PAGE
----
Why content relevancy should be king
I fondly remember the days of my adolescence when I clung to my favorite magazine issues as if they were my most-loved pair of jeans. I collected the best of Girl’s Life and Jane (later Lucky and Harper’s Bazaar) to save in little piles on my shelves like books. I would tear out pages to hang as inspiration around my room, or thumb through an old issue for a particular article I remembered and liked. I had my own little treasure-trove of content that I never wanted to give up, despite the increasing physical space it required. Fortunately or not, those days are now long behind us. Sure, magazines are still great (I will never lose my love for them), but they aren’t the be-all-end-all of timely content like they used to be. The Internet moves a mile a minute and what goes on the front page of a popular website today is old news tomorrow.
If you ask yourself how you consume content on a daily basis, chances are good that you click through your favorite websites, or maybe even apps, and take a look at what is new, timely, and on the front page. After perusing the latest and most noteworthy, you probably move on. If you skip your online reading for a day, you might miss out on several quality articles without ever knowing they existed. It only takes hours on most widely-read websites for a post or article to be pushed out of sight and out of mind. Once it happens, that article is no longer new – it will garner a few more hits via later Google searches, but it won’t be easily visible otherwise and chances are low that anyone has saved it as part of a personal content collection like the one I cultivated as an early teen. So for the most part, its time has passed. That article has become part of what we like to call the Invisible Web.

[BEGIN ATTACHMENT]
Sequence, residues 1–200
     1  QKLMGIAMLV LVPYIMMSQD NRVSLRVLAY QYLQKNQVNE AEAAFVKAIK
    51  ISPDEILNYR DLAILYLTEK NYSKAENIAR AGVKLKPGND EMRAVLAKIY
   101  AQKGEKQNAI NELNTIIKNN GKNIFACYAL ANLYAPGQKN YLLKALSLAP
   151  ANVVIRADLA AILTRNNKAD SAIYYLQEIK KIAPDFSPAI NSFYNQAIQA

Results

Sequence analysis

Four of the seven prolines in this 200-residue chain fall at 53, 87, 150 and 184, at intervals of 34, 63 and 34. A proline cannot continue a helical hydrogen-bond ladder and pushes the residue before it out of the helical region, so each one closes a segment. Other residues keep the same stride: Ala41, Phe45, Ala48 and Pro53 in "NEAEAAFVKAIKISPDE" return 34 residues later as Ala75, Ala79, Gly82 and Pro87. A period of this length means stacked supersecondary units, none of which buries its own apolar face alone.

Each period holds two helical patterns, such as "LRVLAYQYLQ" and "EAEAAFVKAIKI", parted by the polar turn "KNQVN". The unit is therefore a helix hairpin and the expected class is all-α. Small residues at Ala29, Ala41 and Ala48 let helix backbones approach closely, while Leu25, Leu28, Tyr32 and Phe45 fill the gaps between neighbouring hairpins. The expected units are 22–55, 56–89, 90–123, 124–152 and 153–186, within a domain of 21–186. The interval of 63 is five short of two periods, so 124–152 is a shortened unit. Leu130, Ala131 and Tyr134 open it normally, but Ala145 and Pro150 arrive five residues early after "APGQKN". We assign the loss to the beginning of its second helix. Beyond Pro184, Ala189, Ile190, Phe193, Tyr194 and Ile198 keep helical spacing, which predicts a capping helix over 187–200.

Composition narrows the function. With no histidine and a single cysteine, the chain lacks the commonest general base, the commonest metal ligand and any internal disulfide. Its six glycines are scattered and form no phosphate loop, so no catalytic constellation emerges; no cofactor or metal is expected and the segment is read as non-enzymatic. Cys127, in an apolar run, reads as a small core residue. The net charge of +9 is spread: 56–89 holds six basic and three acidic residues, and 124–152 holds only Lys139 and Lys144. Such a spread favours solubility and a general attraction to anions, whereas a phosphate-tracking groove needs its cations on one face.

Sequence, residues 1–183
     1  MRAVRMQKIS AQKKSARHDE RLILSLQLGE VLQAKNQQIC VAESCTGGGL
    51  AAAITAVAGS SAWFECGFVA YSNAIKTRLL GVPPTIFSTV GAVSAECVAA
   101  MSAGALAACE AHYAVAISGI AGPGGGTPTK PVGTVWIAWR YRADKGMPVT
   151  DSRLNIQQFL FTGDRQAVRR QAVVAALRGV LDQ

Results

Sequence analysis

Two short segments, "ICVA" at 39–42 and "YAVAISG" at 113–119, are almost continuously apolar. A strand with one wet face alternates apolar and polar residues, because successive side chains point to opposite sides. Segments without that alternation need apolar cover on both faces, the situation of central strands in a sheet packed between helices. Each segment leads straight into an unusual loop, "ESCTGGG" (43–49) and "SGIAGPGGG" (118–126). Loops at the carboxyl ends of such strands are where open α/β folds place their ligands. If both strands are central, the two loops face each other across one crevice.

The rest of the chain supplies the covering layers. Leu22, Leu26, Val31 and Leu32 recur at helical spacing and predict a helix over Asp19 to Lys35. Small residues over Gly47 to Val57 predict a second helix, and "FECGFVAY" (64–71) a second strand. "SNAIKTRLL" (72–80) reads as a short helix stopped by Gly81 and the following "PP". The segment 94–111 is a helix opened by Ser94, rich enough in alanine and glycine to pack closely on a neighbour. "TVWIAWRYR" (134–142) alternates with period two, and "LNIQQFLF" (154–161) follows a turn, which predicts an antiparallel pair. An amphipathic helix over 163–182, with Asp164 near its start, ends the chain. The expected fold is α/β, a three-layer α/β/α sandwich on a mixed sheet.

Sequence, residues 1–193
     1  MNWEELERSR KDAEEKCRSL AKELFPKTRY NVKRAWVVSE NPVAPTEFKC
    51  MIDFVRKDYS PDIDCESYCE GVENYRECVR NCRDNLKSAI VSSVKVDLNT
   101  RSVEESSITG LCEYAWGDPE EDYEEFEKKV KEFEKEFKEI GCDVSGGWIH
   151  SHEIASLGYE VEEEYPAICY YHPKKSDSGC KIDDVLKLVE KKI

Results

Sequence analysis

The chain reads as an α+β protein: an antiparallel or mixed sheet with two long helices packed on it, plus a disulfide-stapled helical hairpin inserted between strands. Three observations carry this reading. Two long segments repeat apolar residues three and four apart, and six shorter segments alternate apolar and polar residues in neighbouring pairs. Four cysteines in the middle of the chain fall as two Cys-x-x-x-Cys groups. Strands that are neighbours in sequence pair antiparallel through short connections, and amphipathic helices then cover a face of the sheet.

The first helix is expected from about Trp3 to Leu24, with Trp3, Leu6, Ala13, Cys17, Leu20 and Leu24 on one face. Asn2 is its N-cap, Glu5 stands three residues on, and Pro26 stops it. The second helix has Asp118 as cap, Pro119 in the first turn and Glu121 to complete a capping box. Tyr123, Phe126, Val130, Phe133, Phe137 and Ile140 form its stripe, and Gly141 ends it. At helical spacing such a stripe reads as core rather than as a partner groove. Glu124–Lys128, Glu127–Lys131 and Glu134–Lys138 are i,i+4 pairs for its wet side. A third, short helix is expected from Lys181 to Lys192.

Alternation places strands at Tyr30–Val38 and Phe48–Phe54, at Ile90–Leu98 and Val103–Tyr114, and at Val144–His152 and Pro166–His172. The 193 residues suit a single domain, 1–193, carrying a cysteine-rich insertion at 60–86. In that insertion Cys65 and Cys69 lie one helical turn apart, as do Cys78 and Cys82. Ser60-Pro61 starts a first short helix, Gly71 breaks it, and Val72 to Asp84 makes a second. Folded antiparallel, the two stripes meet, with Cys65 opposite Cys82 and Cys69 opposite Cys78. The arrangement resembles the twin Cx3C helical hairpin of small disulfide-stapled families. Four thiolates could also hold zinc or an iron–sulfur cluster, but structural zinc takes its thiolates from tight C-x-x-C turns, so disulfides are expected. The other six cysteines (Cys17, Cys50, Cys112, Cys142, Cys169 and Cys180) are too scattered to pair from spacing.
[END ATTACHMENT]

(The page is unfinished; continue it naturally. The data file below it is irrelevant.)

As you can imagine, there is a wealth of quality content sitting just below the Internet’s surface. Publishers like Condé Nast and Time, Inc. have vast archives of often still-relevant content that is usually undiscovered to anyone who didn’t read it during its month of original publication. Internet publishers have archives, too – often just as vast, thanks to the minute-by-minute pace of online content generation. So what happens to all of that content that is in publisher archives or has been pushed off the front page and into the Invisible Web? For now, it gets buried. But what if instead of seeing just the latest and most tweeted-about content we could see the content that was most important to our interests? What if what showed up on the front page was tailored to an audience by relevancy instead of recency?
This is as much a concern for content creators as it is for consumers. It benefits everyone when the provided content is exactly what the consumer desires, whether it was written five days or five years ago. We are content enthusiasts here at Trapit, and surfacing quality discoveries is what we’re all about. Stay with us this week as we talk more about how we’re helping revive archival content for the right audiences at just the right time.